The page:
# Prove: For odd integers $a$ and $b$, the equation $x^2 + 2 a x + 2 b = 0$ has no integer or rational roots.

If $a$ and $b$ are odd integers, prove that the equation

$$x^2 + 2ax + 2b = 0$$

has no integer or rational roots.

• You cannot use $m+1$ and $n+1$ for the odd integers. If $m$ and/or $n$ are chosen odd, then your expressions become even. You need to set $a=2m+1$ and $b=2n+1$ and then use the discriminant. Verify that the discriminant becomes $16m^2+16m-16n-4$. It then becomes the challenge to prove that this expression does not produce perfect squares... – imranfat Sep 12 '16 at 2:29
• Sorry... that's what I meant. – user193203821309 Sep 12 '16 at 2:48
• @differentialequation Since the question does not reflect what you mean, you should edit the question. – Erick Wong Sep 12 '16 at 3:02
• Do not radically alter the question after it has gotten answers, please. We don't want that work go to waste. This rule is community enforced in several ways. Experienced users (with the privilege) rolling back such edits is one of the more efficient ones :-) – Jyrki Lahtonen Sep 16 '16 at 19:45

## 4 Answers

The discriminant is $4a^2 - 8b = 2^2(\sqrt{a^2 - 2b})^2$.

For rational root(s) to exist, $a^2 - 2b$ has to be a perfect square. Let's assume that this is so, i.e. $a^2 - 2b = n^2$ where $n$ is an integer.

Rearrange to get $a^2 - n^2 = 2b\implies (a+n)(a-n) = 2b$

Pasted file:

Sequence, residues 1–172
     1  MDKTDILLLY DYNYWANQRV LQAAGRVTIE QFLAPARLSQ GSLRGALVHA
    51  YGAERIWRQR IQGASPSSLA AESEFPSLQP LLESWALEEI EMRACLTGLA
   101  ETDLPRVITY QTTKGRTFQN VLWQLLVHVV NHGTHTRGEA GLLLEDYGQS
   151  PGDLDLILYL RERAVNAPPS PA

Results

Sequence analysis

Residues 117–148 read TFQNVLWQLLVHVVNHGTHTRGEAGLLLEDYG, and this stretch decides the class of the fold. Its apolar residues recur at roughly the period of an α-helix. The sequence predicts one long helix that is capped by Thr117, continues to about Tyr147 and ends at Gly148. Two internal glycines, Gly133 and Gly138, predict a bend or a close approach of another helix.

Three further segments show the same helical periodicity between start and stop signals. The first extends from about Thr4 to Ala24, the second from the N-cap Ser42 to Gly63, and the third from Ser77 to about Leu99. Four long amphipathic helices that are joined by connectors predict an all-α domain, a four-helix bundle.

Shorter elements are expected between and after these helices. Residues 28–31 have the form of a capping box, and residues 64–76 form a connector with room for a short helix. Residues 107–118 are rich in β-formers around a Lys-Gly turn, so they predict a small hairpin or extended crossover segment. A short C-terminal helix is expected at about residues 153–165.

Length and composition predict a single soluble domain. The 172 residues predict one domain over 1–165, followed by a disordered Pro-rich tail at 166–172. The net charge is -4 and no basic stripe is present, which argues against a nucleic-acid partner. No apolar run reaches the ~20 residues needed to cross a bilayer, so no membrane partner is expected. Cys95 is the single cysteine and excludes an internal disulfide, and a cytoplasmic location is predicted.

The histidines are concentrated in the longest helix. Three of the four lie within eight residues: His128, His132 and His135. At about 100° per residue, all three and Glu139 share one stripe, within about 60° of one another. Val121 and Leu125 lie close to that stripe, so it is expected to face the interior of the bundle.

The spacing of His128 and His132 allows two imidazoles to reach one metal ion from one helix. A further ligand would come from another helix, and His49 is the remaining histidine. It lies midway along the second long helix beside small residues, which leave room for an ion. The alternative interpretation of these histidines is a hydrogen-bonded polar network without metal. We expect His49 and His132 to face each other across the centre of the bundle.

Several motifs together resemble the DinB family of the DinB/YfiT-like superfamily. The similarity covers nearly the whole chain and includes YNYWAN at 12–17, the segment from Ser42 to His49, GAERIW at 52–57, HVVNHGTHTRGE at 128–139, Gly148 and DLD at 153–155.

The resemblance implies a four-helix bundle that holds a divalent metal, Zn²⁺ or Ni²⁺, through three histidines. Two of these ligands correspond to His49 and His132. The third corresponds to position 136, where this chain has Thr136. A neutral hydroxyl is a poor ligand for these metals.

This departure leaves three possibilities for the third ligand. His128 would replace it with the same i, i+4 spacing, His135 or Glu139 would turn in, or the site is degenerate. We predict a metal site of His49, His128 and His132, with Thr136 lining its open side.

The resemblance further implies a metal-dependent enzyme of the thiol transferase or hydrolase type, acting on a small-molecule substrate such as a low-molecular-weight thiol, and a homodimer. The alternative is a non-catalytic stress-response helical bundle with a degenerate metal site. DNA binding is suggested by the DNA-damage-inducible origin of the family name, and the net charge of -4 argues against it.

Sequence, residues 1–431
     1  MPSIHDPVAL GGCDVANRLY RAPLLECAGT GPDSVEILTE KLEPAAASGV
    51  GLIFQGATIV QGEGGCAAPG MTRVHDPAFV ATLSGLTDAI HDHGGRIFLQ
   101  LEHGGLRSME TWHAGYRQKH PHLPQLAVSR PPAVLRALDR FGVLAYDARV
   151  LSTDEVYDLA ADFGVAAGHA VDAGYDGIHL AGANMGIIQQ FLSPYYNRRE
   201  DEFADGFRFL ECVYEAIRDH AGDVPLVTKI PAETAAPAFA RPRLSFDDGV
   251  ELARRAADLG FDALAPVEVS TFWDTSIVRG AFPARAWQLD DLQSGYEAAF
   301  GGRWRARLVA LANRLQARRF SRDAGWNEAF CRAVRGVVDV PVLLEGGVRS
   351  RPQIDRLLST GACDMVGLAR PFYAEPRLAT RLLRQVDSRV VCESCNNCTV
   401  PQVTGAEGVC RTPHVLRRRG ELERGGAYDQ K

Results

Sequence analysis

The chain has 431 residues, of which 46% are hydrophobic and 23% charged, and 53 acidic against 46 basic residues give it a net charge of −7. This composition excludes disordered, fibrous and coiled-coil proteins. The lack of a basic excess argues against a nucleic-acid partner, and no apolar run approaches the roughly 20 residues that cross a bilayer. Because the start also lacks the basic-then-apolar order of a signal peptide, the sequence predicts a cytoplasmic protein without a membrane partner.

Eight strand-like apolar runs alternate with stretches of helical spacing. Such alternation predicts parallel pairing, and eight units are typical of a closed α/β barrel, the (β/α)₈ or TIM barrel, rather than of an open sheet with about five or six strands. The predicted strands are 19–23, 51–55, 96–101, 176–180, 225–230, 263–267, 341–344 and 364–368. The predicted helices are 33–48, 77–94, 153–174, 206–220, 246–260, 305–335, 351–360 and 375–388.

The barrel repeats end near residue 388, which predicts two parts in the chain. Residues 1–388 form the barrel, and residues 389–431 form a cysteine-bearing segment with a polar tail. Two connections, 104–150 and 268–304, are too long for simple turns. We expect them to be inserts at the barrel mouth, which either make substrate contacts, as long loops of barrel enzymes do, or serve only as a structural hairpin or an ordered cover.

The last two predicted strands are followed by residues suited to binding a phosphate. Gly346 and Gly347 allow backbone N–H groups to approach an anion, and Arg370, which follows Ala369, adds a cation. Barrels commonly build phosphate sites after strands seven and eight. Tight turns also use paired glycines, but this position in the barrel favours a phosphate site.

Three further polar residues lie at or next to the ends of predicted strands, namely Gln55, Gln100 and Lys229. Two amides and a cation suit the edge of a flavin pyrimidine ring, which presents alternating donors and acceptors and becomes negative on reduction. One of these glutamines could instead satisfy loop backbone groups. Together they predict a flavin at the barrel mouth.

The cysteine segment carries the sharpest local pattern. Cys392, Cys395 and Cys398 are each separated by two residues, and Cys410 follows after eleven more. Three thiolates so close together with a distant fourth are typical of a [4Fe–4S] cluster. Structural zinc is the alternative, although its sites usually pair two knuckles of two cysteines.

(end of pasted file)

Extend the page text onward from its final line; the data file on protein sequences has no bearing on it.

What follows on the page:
Note that $a+n$ and $a-n$ have the same parity. Since the RHS is even, both $a+n$ and $a-n$ are even. But then their product would be a multiple of $4$, which means that $b$ would also be even. This is a violation of the initial conditions.

Since we've arrived at a contradiction, the equation cannot have rational roots.

• A nice approach. – imranfat Sep 12 '16 at 3:07
• @imranfat Thanks. – Deepak Sep 12 '16 at 3:09

By the rational root theorem, any factorisation of the given polynomial must be of the form $(x+c)(x+d)$, where $cd$ is a factorisation of $2b$ into two integers. We have $c+d=2a$.

The prime factors of $2b$ must now be distributed between $c$ and $d$; there is only one even prime factor (2) and the rest are odd. Without loss of generality, assign the factor of 2 to $c$. No matter how the remaining odd factors are distributed, $c$ must remain even because of the 2 and $d$ must remain odd because there is no factor of 2 in it at all. Hence $c+d$ must be odd, which contradicts their sum $2a$ being even.

Therefore $x^2+2ax+2b=0$ has no integer – or rational – roots for all odd integers $a,b$.

• Elegant! Very nice intuition – Vladimir Vargas Sep 12 '16 at 2:46

In a word: Eisenstein.

In a few more words, if $x^2+2ax+2b=0$ had a rational root, say $x=p/q$ with $\gcd(p,q)=1$, then, on multiplying through by $q^2$, we have

$$p^2+2apq+2bq^2=0$$

This implies $p$ is even. So writing $p=2p'$ and then dividing through by $2$, we have

$$2p'^2+2ap'q+bq^2=0$$

which implies $q$ is even (since $b$ is odd). But that contradicts $\gcd(p,q)=1$ (i.e., the fact we can write any fraction in reduced form). Thus $x^2+2ax+b=0$ cannot have a rational root if $b$ is odd. (Note, the assumption that $a$ is also odd is irrelevant to the proof.)

• This method is good. You can also prove $q=1$, as $q | 0=p^2+2apq+2bq^2$ implies $q | p^2$, but $gcd(p, q)=1$. – S. Y Sep 16 '16 at 14:25
• @S.Y, nice alternative. – Barry Cipra Sep 16 '16 at 15:01

The square root of the discriminant of the roots is

$2 \sqrt { a^2 -2b}$

This is never a perfect square as it gives 3 mod 4, which is not a quadratic residue.

• @Deepak thanks. Corrected – N.S.JOHN Sep 12 '16 at 3:08
• That should be $b$ not $b^2$. – Deepak Sep 17 '16 at 1:52